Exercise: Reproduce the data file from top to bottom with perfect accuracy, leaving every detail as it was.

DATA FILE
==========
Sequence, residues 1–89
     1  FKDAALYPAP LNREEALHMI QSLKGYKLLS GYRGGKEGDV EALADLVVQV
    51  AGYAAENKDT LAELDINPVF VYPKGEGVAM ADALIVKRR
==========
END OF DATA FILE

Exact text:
Sequence, residues 1–89
     1  FKDAALYPAP LNREEALHMI QSLKGYKLLS GYRGGKEGDV EALADLVVQV
    51  AGYAAENKDT LAELDINPVF VYPKGEGVAM ADALIVKRR